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My understanding is if you trade in and out of any security (buy and sell) in the same day and you repeat this activity on that particular stock four times within "a rolling 5 business day period", you can be classed as a pattern daytrader. But as I understand it, the only restrictions have to do with minimum balances in your account and margin requirements.
And, after MAGS, I guess that's what they'll classify me as.

I don't think there's anything else involved. If I'm wrong - somebody please let me know what I'm missing.

ellen
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I think my 6 trips on MAGS TODAY WILL DEFINITLY QUALIFY AS DAY TRADING
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My understanding is if you trade in and out of any security (buy and sell) in the same day and you repeat this activity on that particular stock four times within "a rolling 5 business day period", you can be classed as a pattern daytrader

Is that 5 times for one stock or 5 day trades total (any stocks) in a rolling 5 day period?
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All that IS true, BUT...if you have more than one account (various ESAs, Roths, and Individual accounts)....its easier to avoid those regulations, to an extent anyway.
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All that IS true, BUT...if you have more than one account (various ESAs, Roths, and Individual accounts)....its easier to avoid those regulations, to an extent anyway.


lol

Your learning all the tricks...
Are you sure your a beginner...


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AHA! Knew I couldn't be the only one doing that! LOL
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And if I wasn't a beginner....do you really think I would have been so stupid to keep playing TASR? Argh! Should have pegged that one as a Looooong when I started. Oh well, live and learn. :)
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My understanding is if you trade in and out of any security (buy and sell) in the same day and you repeat this activity on that particular stock four times within "a rolling 5 business day period", you can be classed as a pattern daytrader
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Is that 5 times for one stock or 5 day trades total (any stocks) in a rolling 5 day period?

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Read the rule again. It says Four or more times, which means you're limited to three; four falls within "four or more". And it doesn't matter whether it's the same stock or several stocks. Three trades, that's all.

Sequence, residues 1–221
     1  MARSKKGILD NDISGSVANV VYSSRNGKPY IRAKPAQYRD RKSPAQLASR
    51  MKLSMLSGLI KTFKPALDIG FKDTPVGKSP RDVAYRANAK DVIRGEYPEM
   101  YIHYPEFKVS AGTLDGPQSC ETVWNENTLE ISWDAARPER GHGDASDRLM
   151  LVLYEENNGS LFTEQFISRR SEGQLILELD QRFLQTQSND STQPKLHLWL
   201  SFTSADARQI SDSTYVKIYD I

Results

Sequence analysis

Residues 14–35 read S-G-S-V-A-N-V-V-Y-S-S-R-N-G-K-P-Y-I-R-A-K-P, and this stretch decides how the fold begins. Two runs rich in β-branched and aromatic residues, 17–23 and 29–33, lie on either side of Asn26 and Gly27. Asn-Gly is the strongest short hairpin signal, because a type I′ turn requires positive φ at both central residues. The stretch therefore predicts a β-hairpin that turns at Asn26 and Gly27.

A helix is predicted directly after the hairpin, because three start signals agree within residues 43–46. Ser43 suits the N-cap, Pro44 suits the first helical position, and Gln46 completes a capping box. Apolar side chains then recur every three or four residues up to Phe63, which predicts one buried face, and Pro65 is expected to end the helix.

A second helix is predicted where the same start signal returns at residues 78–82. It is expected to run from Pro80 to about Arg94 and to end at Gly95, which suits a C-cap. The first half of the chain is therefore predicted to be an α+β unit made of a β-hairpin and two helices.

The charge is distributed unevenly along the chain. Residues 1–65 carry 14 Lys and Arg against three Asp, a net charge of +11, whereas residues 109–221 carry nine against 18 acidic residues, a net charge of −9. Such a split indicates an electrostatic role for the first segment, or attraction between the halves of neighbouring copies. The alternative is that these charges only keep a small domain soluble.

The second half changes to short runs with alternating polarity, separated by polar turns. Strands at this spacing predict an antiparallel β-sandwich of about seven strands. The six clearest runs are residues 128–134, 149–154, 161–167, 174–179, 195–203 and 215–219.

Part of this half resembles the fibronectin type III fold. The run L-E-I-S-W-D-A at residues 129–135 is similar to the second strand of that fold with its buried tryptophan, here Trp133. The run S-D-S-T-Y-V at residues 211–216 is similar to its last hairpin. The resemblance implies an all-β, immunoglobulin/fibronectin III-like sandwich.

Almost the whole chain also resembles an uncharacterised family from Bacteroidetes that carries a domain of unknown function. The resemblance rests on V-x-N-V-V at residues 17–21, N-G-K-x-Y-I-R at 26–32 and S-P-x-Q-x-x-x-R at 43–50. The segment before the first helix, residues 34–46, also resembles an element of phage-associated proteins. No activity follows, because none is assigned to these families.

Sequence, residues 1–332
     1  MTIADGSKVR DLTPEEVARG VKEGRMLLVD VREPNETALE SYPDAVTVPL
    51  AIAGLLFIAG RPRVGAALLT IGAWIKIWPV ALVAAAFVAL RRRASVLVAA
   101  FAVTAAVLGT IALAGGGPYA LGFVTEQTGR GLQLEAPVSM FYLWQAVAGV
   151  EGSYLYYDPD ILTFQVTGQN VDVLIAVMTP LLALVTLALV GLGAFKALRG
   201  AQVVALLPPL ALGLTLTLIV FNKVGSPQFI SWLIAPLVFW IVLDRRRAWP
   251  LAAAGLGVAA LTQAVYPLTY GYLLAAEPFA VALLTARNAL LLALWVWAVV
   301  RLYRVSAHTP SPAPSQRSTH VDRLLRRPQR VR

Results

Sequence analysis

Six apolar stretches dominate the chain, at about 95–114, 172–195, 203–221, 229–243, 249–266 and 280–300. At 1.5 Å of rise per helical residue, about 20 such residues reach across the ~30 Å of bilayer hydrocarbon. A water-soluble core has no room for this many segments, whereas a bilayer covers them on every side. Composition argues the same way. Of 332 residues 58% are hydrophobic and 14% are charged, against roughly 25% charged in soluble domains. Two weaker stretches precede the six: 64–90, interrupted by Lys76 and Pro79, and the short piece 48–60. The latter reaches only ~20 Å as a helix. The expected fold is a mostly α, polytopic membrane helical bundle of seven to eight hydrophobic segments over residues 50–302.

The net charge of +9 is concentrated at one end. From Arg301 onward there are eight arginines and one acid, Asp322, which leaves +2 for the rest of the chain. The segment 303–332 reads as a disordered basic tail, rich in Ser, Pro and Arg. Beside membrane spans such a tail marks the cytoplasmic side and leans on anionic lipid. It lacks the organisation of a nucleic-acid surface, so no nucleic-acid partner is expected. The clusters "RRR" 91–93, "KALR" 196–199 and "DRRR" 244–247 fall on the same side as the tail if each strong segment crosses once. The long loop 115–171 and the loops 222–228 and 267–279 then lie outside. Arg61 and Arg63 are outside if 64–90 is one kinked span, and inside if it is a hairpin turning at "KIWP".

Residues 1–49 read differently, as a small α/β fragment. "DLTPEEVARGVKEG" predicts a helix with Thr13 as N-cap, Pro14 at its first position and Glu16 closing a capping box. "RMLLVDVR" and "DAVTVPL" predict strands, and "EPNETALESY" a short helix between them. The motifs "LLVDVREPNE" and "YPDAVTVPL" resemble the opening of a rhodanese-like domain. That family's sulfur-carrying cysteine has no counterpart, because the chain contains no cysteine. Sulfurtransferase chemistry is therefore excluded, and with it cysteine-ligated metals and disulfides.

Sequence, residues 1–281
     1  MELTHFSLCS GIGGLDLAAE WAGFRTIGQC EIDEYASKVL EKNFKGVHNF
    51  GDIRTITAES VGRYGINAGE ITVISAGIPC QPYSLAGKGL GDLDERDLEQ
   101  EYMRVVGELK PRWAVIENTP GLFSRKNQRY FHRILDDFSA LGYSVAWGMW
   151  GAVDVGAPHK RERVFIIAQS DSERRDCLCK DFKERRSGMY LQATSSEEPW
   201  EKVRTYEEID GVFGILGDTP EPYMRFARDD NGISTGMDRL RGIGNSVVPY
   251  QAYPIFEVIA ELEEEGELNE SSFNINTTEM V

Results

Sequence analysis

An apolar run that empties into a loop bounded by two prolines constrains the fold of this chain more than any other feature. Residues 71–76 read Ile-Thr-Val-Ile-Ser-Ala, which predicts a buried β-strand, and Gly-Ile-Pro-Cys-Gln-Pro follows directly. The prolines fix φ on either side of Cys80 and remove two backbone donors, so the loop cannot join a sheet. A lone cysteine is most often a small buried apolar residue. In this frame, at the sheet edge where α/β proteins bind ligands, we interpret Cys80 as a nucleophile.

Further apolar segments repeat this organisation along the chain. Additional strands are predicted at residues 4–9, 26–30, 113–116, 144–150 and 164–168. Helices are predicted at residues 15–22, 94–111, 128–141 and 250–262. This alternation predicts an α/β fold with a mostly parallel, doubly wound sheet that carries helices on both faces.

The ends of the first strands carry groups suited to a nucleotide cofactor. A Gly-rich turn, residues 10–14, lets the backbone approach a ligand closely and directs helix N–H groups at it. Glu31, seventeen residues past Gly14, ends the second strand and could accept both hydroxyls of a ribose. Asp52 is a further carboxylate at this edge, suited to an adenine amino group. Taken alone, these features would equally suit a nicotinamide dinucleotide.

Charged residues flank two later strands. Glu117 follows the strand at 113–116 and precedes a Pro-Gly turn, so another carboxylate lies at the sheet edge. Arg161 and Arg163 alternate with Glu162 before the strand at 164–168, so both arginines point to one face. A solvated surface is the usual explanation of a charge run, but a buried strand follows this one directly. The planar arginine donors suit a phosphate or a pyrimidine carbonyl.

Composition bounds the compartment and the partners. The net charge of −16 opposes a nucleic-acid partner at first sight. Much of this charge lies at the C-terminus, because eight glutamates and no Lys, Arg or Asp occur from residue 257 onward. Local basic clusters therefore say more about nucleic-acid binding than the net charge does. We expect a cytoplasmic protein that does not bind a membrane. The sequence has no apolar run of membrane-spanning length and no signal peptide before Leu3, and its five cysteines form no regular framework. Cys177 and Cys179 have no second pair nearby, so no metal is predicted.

~aj
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I'm glad to see this discussion, because it is something I've been careful of.

And it doesn't matter whether it's the same stock or several stocks.

That's what I thought. Thanks for clarifying, AJ. (Also, I mistyped my last. I meant 4, not 5.)

BTW, the way I read it, if you maintain $25,000 equity, the rule doesn't apply. Am I correct?

Cap
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BTW, the way I read it, if you maintain $25,000 equity, the rule doesn't apply. Am I correct?

Correct, although you'll still be classified as a pattern daytrader.
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BTW, the way I read it, if you maintain $25,000 equity, the rule doesn't apply. Am I correct?

Correct, although you'll still be classified as a pattern daytrader.


and if your equity falls below 25k you will get a margin call to bring it back up...

RR

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BTW, the way I read it, if you maintain $25,000 equity, the rule doesn't apply. Am I correct?

Correct, although you'll still be classified as a pattern daytrader.

and if your equity falls below 25k you will get a margin call to bring it back up...


Okay, I got all that. But what other implications are there to being classified as a "pattern day trader?" I don't believe that automatically qualifies you as a "trader" for IRS purposes. Or does it?

Cap
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SEC and the IRS are two different things...

RR



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SEC and the IRS are two different things...

I understand that, Ray, thanks. So then my original question:

But what other implications are there to being classified as a "pattern day trader?"
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non as far as I know LOL

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"But what other implications are there to being classified as a "pattern day trader?"

None: having $25K equity in your account entitles you to making all the blunders you want, and being called a pattern day trader means about as much as the old "sticks and stones" axiom... It's the "small" investor the SEC is looking out for.

~aj
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It's the "small" investor the SEC is looking out for.


Ya Right.......


RR


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"It's the "small" investor the SEC is looking out for."
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"Ya Right......."


At least, that was the justification the SEC gave for inventing the rule.

~aj
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